I especially love that she really worked hard and gathered data, and presented all of these people cold, hard facts that they couldn’t dispute. I hope it has a real effect.

  9. tabasco says:

    Oooh!! My sister is an ethnographer, linguist, computer programmer, etc., etc. (I think she’s secretly CIA.) Anyway, so basically she knows a lotta super academic-y types. One person she knows came up with a 3-prong test to serve as a simple test of sorts for determining the likelihood of whether a show/movie is sexist. I’m probably flubbing it, but it’s something like this?

    1. Is there more than one female character?

    2. Do the female characters talk to each other (not just men)?

    3. Do the female characters talk to each other (and not just once in a great while) about things *other* than men? (I’m looking at YOU, Sex and the City, God I hate that show.)

    Try it next time you’re watching whatever, iz interesting.

  10. Emily C. says:

    Your son (and you) should play Bioware games, JRPGs, and Sims games. They aren’t only better than most of the field toward women, they’re about 1000 times better than ANYTHING Hollywood is producing. Even MMORPGs have more positive female representation than Hollywood ever does. World of Warcraft is at the bottom of the barrel there, but I’ve never played any other MMORPG in which at least half of the main characters were not women.

    I am completely impatient whenever someone who doesn’t know a thing about video games, particularly if it’s someone on the Hollywood side, criticizes video games for poor gender representation. Hollywood has nothing like Bioware, which is one of the biggest game companies around. It certainly has nothing like The Sims! We get hardly any foreign movies over here — contrast that with how many Japanese video games sell massively. (There are also lots of Canadian game companies, i.e. Bioware itself.) Nearly every movie is hugely explicitly sexist, and there are no antidotes that are popular. The game industry has problems, but the movie industry is so much worse there’s no honest comparison.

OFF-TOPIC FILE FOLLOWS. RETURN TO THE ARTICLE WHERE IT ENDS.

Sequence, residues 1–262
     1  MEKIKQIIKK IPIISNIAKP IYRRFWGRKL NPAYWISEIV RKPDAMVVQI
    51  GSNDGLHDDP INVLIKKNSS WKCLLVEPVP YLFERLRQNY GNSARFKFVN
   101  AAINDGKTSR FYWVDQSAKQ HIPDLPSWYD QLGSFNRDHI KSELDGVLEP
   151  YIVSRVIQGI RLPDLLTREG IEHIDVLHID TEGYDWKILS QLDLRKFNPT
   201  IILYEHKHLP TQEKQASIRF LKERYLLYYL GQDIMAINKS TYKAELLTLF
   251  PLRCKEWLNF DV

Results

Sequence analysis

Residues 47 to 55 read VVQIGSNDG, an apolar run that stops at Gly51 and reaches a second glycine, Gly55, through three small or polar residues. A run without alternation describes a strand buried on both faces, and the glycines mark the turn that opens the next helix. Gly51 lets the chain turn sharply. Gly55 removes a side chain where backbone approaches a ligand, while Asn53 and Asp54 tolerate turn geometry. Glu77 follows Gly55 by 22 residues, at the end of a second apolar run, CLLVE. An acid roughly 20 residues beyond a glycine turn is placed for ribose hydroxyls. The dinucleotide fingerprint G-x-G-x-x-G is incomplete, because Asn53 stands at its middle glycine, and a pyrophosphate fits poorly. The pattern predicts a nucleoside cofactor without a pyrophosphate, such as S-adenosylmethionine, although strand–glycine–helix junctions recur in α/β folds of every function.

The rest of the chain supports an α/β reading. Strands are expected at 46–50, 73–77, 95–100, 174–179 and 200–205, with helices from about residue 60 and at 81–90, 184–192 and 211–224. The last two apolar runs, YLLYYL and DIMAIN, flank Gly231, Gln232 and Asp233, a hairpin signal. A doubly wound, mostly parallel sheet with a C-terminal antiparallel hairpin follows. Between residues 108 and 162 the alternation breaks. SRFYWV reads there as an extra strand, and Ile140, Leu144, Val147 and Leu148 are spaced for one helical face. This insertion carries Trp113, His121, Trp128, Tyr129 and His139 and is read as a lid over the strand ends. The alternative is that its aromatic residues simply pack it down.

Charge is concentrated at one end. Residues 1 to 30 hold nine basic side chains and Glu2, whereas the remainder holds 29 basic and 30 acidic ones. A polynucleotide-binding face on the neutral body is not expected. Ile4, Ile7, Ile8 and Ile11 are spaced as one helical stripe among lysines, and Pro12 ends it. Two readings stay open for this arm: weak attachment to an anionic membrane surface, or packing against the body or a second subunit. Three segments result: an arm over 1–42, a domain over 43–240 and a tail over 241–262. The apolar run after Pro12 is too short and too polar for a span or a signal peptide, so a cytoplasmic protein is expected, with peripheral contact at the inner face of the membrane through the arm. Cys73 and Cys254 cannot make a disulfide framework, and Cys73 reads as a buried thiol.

11. Emma says:

    I’ve played the first 3 Uncharted games through & I thought it was a bit of a feminist statement by the company at the time of the first release.

    The lead characters are 50/50 in gender & every single one has a backstory, personality & are completely capable of taking care of themselves, often save the main character’s life & at least 1 is a playable character. It’s also one of the few games where women wear clothes. Clothes that cover their body no less. Sometimes…they wear layers & baggy pants.

    Uncharted is a man’s story because it’s men who buy that genre of game. But every female character shares traits with the male lead, one is his better half, one is him as a child, one is a darker version of him, etc. He needs every one of them or he dies.

    Sorry for the rant but I really love those first 2 games especially. The first time I played them I felt like someone had finally made a game FOR me.

  12. Lindy says:

    I love her, and I love that she has the data behind her to show the immensity of the problem.

  13. Sparkly says:

    I love Geena! I know I’m a bit late to the post, but I just wanted to chime in in hopes of seeing more stories about her. :)